St Oswald – A Worthy Patron Saint - Reflection by Canon Bob


Read Canon Bob's reflection on Tuesday, August 4th, 2020.

For 15 years I had the privilege of being Rector of Winwick which is on the edge of the Diocese just off the M62 close to IKEA. The church is dedicated to St Oswald and many local historians claim it is the place where he died in battle, fighting as a Christian king against the pagan Penda. We remember Oswald as a king and martyr but interestingly the early church historian The Venerable Bede portrays Oswald as ‘Saintly’ not because of the means of his death but because of his life!

After a period of exile Oswald became king of Northumbria around 634 and requested help from the Iona community to spread the message of Christianity throughout his kingdom. Eventually Aiden was sent and Oswald gave him the island of Lindisfarne as a base for his mission and the home of his episcopal See. As the two of them travelled around his kingdom Oswald acted as Aiden’s interpreter since Aiden did not know English well and Oswald had learned Irish during his exile. As well as preaching Oswald gained a reputation as a man of compassion with a generosity to the poor and strangers.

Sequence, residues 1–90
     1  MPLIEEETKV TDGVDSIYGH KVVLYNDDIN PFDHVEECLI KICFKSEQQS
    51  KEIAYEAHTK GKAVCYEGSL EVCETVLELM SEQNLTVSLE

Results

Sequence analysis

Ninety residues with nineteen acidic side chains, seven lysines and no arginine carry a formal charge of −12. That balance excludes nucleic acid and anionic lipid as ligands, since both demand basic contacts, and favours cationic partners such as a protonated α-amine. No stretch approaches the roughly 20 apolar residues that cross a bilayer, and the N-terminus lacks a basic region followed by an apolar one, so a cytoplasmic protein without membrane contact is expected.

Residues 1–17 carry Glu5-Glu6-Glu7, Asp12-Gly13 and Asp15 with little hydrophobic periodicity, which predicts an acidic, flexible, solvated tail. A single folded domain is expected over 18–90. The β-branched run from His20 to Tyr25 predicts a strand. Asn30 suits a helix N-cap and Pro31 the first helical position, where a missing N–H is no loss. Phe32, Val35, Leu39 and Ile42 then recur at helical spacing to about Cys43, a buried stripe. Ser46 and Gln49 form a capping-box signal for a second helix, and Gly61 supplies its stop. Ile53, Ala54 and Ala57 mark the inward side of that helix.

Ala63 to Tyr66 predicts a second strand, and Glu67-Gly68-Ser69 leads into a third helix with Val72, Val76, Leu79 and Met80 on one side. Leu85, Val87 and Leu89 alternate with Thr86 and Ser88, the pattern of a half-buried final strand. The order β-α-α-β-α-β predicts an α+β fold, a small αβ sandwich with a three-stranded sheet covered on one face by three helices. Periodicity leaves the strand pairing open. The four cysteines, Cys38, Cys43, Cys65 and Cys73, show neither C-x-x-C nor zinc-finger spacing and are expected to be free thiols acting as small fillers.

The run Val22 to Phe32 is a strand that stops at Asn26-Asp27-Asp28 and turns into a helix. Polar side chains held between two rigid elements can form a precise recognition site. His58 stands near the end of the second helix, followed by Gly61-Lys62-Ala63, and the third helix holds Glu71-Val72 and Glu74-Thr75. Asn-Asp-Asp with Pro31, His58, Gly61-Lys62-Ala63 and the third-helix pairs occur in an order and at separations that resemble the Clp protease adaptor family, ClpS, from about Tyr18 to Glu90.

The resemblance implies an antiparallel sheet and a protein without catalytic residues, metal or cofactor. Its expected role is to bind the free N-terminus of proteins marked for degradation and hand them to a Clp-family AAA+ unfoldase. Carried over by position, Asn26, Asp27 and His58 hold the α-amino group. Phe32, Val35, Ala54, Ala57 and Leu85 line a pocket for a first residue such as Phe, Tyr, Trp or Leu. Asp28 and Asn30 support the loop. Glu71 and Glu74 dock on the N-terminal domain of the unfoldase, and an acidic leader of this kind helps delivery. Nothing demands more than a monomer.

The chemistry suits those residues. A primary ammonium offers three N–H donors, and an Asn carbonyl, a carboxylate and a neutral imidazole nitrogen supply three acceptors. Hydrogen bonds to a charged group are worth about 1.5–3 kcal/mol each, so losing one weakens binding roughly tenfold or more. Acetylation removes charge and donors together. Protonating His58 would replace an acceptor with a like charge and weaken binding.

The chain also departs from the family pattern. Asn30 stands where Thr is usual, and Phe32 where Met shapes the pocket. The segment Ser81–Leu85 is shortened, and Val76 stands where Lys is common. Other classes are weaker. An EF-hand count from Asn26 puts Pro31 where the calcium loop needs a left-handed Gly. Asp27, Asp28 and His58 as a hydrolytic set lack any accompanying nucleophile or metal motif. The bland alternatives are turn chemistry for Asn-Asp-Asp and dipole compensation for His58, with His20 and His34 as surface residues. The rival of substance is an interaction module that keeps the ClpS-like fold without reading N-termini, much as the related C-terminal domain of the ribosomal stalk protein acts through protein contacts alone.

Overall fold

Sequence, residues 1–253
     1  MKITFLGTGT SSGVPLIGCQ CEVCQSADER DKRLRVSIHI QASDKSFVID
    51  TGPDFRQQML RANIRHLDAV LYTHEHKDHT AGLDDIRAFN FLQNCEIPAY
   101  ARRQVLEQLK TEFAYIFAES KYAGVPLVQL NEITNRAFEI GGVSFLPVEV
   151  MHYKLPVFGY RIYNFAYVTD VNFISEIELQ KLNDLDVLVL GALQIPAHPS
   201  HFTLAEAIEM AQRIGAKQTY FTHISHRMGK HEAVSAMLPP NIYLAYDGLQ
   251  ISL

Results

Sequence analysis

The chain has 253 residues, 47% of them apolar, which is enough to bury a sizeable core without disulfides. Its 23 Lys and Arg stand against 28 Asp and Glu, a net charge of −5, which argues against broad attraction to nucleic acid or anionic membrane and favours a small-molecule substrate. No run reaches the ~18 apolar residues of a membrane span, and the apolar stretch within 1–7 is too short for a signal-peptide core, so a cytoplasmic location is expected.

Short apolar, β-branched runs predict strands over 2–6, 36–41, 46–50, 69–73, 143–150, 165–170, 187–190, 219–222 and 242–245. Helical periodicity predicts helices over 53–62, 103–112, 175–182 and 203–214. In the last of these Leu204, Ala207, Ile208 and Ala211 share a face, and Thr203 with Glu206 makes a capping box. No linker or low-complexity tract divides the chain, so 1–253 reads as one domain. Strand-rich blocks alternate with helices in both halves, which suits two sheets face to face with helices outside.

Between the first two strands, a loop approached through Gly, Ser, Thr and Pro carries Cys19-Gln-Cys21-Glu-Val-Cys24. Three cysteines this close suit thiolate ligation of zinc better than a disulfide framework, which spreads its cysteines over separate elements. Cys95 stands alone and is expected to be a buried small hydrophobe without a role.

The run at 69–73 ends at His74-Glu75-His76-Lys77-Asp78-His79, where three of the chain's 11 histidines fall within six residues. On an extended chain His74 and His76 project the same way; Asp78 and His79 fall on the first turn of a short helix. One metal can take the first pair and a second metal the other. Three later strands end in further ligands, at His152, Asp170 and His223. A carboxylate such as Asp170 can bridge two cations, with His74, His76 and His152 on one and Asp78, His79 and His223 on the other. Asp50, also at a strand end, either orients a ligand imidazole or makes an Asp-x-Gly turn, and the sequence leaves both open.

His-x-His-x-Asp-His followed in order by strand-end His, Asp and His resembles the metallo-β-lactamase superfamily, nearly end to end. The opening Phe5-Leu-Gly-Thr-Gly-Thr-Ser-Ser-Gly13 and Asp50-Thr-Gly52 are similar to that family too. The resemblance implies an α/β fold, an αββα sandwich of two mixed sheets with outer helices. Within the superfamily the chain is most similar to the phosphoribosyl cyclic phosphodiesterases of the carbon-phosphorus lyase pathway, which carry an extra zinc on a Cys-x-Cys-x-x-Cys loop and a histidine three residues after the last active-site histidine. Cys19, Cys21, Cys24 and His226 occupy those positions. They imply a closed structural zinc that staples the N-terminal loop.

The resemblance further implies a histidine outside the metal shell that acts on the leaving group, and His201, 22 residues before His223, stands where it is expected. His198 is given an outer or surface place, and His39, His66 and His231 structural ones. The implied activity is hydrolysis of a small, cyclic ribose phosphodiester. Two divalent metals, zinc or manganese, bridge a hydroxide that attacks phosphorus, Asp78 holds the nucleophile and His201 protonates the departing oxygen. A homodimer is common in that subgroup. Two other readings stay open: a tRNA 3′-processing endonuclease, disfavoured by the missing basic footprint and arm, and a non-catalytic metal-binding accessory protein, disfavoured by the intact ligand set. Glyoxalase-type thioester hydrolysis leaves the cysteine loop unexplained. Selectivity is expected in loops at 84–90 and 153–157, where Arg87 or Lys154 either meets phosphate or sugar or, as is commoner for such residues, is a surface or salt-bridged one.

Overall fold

On one occasion at Easter Bede describes Oswald was sitting with Aiden and had ‘a silver dish of dainties before him’ when a servant whom Oswald ‘had appointed to relieve the poor’ came in and told him that a crowd of the poor were in the streets begging alms from the king. Oswald then immediately had his food given to the poor and even had the dish broken up and distributed.

From this one story alone it could be suggested that Oswald had both recognised the need for a Foodbank and that the distribution of silver pieces at Easter was a forerunner to the practice of the monarch distributing Maundy Money as happens today.

So my case is that a Christian King with a heart for mission and a record of responding to the needs of his subjects would make a fine Patron Saint for our nation. He was, at least English!

Canon Bob

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